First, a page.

Job Descriptions

A good job description has the following:

  • A clear, concise summary of what the company does
  • A clear, concise summary of what you would be doing in this job
  • Clear, reasonable qualifications for the position / work
  • Clear, reasonable responsibilities listed for the position
  • No mentions of traits or qualifications that are not concrete (e.g. sense of humor, perseverance, determination…)

A bad job description doesn’t have the above.

“Don’t settle for bad jobs.”

Michael Vinh Xuan Thanh, “How to Spot Toxic Software Jobs From Their Descriptions.” Medium. August 28, 2019.

The Work vs. The Job

“Many people conflate your work with your job, but they are completely different things.

Your job is the daily tasks you are assigned to complete. Many people think checking these boxes off in a timely manner is their only responsibility…

…Work is all the tangible and intangible things that happen while people are performing their job…

[For example, managing your boss is work.] Your boss pays you to handle setbacks; she doesn’t need to know about every single setback or hiccup. Constantly bringing up negative developments makes you a Bad News Bear.

So what should you do instead?

Fix the problem. Resolve the issue. Mitigate the damage. And then, once the storm has passed, work into a conversation how a setback happened and you resolved it. This way your boss sees only sunny skies.

Also, on the flip side, all good news travels up…Everyone likes to hear good news. Especially good news that they can then give to their boss.”

—Kyle, “#RealWorkTalk: Work vs. Job, Part I.” Capital Hill Style. March 27, 2019.

Strikes me as true of everyone, not just bosses. No one wants to hear about your trials and tribulations. Handle it, and be the little ray of sunshine in everyone else’s life when you’re up for it.

Are you angry, frustrated, sad or feeling some other strong emotion other people may not like? Channel your anger into motivation. Personally, I favor running until exhaustion and sleeping. Or for downer emotions, just going straight to sleep.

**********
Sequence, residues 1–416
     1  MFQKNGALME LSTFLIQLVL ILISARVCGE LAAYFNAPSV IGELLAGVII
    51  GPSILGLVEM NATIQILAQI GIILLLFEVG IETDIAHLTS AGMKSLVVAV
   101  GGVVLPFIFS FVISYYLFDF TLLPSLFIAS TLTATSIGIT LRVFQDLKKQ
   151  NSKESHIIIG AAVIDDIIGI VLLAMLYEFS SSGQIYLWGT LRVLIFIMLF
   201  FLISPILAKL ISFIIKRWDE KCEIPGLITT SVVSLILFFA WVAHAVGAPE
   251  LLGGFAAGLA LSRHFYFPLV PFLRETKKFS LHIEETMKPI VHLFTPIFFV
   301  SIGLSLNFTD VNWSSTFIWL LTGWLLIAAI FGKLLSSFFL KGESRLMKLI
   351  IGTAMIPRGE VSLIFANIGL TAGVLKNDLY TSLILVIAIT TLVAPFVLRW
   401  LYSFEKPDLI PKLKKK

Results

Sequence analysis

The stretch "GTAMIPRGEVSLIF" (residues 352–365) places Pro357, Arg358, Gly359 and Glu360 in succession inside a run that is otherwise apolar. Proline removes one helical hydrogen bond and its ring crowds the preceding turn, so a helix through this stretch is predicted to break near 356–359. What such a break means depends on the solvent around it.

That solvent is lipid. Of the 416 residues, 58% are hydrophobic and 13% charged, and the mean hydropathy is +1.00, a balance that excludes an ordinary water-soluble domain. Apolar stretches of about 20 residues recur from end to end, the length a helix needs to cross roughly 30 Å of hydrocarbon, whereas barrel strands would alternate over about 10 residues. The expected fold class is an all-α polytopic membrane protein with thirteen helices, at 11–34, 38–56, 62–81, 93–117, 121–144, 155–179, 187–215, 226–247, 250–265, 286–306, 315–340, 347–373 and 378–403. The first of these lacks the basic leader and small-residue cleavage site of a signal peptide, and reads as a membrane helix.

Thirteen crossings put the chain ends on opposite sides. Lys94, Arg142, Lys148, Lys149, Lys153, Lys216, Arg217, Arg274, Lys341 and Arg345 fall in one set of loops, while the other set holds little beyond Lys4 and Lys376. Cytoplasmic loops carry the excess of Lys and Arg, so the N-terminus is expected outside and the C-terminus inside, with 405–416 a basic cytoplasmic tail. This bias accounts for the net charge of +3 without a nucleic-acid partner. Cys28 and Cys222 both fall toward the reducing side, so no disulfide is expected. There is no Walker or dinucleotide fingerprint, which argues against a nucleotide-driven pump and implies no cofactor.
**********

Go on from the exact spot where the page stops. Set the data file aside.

No one wants to hear about your problems or listen to you complain. Everyone has enough of their own issues to deal with. Bringing them up only when you need help means you’re more likely to get the help you need.

The Abolition of Work—Bob Black

“You are what you do. If you do boring, stupid monotonous work, chances are you’ll end up boring, stupid and monotonous. Work is a much better explanation for the creeping cretinization all around us than even such significant moronizing mechanisms as television and education. People who are regimented all their lives, handed off to work from school and bracketed by the family in the beginning and the nursing home at the end, are habituated to heirarchy and psychologically enslaved. Their aptitude for autonomy is so atrophied that their fear of freedom is among their few rationally grounded phobias.”

—Bob Black, “The Abolition of Work and Other Essays.” Port Townsend: Loompanics Unlimited, 1986.

Eternal Employment: Do Whatever You Want in a Swedish Train Station Forever

“In 2025, applications will be accepted for the job of a lifetime—literally. A fair starting salary, with annual wage increases that match those for Swedish government workers, vacation time, even a pension, and the job is yours for as long as you do it. So what’s the job? Anything you want.

Each morning, the chosen employee will punch a clock in Korsvägen train station, currently under construction in Gothenburg, Sweden, which will turn on a bank of bright fluorescent lights. Other than that, “the position holds no duties or responsibilities besides the fact that the work should be carried out at Korsvägen. Whatever the employee chooses to do constitutes the work,” reads the job description. The employee can also choose how publicly visible or anonymous they would like to be while on the clock.”

—Noor Al-Samarrai, “Atlas Job: Do Whatever You Want in a Swedish Train Station Forever.” Atlas Obscura. March 4, 2019.

What would you do?